'Without prejudice to the provisions for appeal annd revision under this Act, any competent authority may, either on its own motion or on an application received in this behalf, amend any order as to the institution to which a child is to be sent or as to the person under whose care or supervision a child is to be placed under this Act.'
(13) Section 33 sets out the circumstances the competent authority shall take into consideration in making an order in respect of a child. The over-riding consideration, of course, is the 'interests' of the child.
(14) From the orders of the competent authority any aggrieved person may prefer an appeal to the Court of Sessions without 30 days from the date of the order. No second appeal is provided. The High Court in revision is empowered to call for the record of the competent authority or the court of sessions for the purpose of satisfying itself as to the legality or propriety of an order passed by either of them. The High Court thereupon can pass such order as it thinks fit (Sections 37 and 38).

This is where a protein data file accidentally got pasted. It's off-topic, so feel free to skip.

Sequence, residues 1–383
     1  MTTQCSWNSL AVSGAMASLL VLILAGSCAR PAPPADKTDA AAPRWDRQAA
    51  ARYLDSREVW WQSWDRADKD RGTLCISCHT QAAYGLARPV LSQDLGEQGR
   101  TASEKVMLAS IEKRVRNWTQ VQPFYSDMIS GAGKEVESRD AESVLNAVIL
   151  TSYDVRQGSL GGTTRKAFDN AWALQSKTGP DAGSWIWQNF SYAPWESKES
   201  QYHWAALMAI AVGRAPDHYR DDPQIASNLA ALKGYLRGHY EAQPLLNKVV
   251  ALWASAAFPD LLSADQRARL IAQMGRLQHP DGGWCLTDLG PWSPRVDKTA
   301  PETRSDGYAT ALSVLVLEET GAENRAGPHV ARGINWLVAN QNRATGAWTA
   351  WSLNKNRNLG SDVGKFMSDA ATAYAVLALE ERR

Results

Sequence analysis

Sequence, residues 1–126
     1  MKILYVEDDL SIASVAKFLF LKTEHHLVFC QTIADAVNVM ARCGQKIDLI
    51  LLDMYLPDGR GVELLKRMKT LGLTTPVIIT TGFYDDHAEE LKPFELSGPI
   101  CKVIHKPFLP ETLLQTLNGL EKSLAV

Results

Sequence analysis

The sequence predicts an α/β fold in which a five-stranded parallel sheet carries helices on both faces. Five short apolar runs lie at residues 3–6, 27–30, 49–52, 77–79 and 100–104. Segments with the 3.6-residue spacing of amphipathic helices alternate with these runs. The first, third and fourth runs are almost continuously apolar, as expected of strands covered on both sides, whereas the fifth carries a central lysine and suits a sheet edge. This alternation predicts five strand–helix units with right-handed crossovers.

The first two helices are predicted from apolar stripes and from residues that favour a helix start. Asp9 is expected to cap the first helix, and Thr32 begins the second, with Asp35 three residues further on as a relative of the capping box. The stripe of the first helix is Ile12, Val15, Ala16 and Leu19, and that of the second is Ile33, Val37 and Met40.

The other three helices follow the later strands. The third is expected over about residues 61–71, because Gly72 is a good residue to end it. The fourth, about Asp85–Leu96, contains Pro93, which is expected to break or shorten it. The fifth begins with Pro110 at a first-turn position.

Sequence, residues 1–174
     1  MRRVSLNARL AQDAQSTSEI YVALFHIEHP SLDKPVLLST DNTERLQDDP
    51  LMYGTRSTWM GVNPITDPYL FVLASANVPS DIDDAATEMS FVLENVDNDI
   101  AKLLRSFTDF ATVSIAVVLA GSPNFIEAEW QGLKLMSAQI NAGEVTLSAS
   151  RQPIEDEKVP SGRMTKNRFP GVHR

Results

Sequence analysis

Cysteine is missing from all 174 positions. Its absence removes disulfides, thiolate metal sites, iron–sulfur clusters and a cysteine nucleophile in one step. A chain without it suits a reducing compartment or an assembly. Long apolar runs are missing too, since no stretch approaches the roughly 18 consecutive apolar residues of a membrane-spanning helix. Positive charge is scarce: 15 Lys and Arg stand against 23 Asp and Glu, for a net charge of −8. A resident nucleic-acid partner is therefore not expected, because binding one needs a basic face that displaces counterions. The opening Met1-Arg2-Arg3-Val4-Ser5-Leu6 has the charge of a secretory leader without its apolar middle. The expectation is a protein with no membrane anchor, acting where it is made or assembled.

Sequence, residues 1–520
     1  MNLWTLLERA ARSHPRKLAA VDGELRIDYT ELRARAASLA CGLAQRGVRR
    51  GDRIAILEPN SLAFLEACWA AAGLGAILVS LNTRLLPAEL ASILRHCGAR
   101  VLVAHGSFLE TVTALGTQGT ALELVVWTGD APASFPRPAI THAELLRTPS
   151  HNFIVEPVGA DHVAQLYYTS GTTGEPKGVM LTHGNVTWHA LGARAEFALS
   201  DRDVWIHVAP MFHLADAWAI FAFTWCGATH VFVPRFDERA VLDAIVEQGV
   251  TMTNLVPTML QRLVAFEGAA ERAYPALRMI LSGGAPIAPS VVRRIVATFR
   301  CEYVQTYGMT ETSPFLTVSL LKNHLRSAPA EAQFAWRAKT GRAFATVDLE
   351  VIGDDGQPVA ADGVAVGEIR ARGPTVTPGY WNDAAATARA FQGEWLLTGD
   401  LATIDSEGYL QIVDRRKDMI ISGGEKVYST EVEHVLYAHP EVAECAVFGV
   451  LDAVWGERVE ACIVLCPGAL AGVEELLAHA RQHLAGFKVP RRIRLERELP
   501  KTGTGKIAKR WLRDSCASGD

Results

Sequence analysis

(15) A rapid survey of these provisions makes it abundantly dear that the provisions of the Guardians and Wards Act have no application. They cannot be invoked by an aggrieved person. The remedy is provided by the Act. The Act provides for an appeal to the court of session. On the contrary, Om Prakash went to the District Judge with an application under Section 10 of the Guardians Act of 1890. It is thereforee clear that the appellant, Om Prakash, adopted a wrong remedy, assuming that he was an aggrieved person. He mistook the legal procedure. He was mistaken in the law. He took a mistaken vjew of his right or claim.